Senator Advocates MPA for Antarctica

New Wave Media

March 30, 2013

  • Waitt
  • wiki
  • Waitt Waitt
  • wiki wiki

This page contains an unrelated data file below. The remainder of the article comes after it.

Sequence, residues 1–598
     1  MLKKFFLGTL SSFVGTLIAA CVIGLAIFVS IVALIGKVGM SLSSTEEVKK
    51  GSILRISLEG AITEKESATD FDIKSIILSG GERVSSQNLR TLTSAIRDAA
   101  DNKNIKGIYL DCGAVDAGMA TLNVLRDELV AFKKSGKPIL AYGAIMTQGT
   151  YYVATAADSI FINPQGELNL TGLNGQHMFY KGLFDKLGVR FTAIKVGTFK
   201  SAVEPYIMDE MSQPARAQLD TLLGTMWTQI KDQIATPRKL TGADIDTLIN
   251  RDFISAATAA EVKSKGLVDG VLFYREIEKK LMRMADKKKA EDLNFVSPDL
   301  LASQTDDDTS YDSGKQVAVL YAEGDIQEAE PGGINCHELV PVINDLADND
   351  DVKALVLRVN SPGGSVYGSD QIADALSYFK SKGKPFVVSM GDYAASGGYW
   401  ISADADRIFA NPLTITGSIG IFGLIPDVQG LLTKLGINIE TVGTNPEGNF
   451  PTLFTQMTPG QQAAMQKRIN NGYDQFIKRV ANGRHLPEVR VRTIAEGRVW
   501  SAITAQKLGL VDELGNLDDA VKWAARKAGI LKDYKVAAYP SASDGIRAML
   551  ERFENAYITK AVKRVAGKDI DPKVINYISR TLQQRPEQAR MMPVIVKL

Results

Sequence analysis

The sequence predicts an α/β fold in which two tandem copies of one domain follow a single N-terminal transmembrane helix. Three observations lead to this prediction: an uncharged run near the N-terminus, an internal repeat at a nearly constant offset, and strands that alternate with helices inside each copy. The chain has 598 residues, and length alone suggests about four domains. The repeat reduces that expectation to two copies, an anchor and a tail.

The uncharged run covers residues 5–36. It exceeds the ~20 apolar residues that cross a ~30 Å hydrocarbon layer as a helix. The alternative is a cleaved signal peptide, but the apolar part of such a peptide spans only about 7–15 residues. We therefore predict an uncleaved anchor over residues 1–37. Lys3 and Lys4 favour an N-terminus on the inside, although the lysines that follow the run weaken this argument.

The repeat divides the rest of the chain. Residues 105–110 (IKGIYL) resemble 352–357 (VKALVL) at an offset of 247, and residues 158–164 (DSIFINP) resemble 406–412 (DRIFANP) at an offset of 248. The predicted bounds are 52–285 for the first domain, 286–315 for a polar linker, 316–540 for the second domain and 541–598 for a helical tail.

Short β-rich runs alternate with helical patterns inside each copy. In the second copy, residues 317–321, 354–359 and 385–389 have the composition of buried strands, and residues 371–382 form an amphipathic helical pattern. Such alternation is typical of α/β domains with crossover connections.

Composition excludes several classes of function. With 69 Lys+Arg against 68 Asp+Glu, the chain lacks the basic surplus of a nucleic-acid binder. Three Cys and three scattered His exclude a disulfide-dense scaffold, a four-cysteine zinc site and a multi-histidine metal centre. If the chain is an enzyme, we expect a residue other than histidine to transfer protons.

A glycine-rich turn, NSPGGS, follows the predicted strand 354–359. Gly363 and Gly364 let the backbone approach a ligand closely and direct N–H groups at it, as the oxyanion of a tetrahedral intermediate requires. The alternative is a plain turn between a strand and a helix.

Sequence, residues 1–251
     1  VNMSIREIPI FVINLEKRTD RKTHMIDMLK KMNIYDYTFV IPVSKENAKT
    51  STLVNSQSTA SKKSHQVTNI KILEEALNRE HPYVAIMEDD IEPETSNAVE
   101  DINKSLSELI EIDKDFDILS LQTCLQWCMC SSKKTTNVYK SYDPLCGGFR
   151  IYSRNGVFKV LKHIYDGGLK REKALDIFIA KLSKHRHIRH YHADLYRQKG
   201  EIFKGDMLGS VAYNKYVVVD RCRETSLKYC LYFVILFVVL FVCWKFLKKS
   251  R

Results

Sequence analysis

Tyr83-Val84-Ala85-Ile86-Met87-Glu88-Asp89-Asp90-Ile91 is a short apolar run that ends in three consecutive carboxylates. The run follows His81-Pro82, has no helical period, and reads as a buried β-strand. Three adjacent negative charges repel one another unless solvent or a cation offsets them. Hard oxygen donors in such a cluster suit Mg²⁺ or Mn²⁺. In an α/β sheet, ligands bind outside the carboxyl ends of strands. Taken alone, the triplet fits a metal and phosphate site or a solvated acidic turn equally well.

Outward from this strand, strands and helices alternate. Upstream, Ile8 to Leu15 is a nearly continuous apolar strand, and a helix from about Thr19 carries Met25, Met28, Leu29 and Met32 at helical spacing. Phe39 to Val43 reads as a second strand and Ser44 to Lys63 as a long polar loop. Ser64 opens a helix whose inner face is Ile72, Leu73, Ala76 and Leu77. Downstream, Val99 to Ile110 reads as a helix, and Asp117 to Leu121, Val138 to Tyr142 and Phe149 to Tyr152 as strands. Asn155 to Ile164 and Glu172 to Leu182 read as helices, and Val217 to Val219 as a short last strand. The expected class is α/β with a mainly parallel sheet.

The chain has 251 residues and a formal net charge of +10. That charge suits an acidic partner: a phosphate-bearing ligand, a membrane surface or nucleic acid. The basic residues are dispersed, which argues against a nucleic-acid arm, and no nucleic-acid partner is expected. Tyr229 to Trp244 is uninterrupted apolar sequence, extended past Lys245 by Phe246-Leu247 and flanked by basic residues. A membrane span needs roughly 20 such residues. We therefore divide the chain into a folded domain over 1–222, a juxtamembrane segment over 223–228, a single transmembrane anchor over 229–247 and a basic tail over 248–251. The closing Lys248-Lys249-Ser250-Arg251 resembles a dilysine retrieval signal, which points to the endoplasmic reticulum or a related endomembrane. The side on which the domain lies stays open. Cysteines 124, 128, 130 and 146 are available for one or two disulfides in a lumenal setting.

In order to advance marine protection and scientific research in one of the last great ocean wilderness areas on the planet, the United States submitted a proposal to the Commission for the Conservation of Antarctic Marine Living Resources (CCAMLR) on September 7 to establish a marine protected area (MPA) in the Ross Sea Region of Antarctica. U.S. Secretary of State John Kerry Monday urged creation of what would be the world’s largest marine reserve in Antarctica and better safeguards for all oceans. Kerry and New Zealand’s Ambassador to the United States, Michael Moore, announced a joint U.S.-New Zealand proposal to establish a Marine Protected Area in the Ross Sea, a 1.9 million-square-mile area off the Antarctic coast. The proposed marine protected area would cover roughly 876,000 square miles, an area larger than Alaska. “When it comes to the Ross Sea and Antarctica, we’re not going to wait for a crisis before we take action,” Kerry told a reception at the National Geographic Society for a screening of the award-winning documentary “The Last Ocean,” about the Ross Sea by New Zealand filmmaker Peter Young. A marine protected area is a region of the ocean in which human activities are more strictly regulated than in the surrounding waters, similar to a national park on land. MPAs are designated and managed through legal means with the goals of achieving long- term conservation of habitat, providing refuges for different species, and even provide safe havens for cultural and historical sites. MPAs protect biodiversity and buffer habitats from the impacts of human activities and allow impacted areas the time to recover. “The entire system is interdependent, and we toy with that at our peril,” Kerry warned urging greater protection for all the world’s oceans. “This is not just an environmental issue,” he said. “This is a security issue. It’s an economic security issue. It’s a national security issue. And it is in many ways a challenge with respect to energy security and our approach to energy policy, and ultimately it is a challenge to our commitment to science and facts and ultimately our basic sense of faith and what we believe in and our responsibility as human beings on this planet.”

 

 

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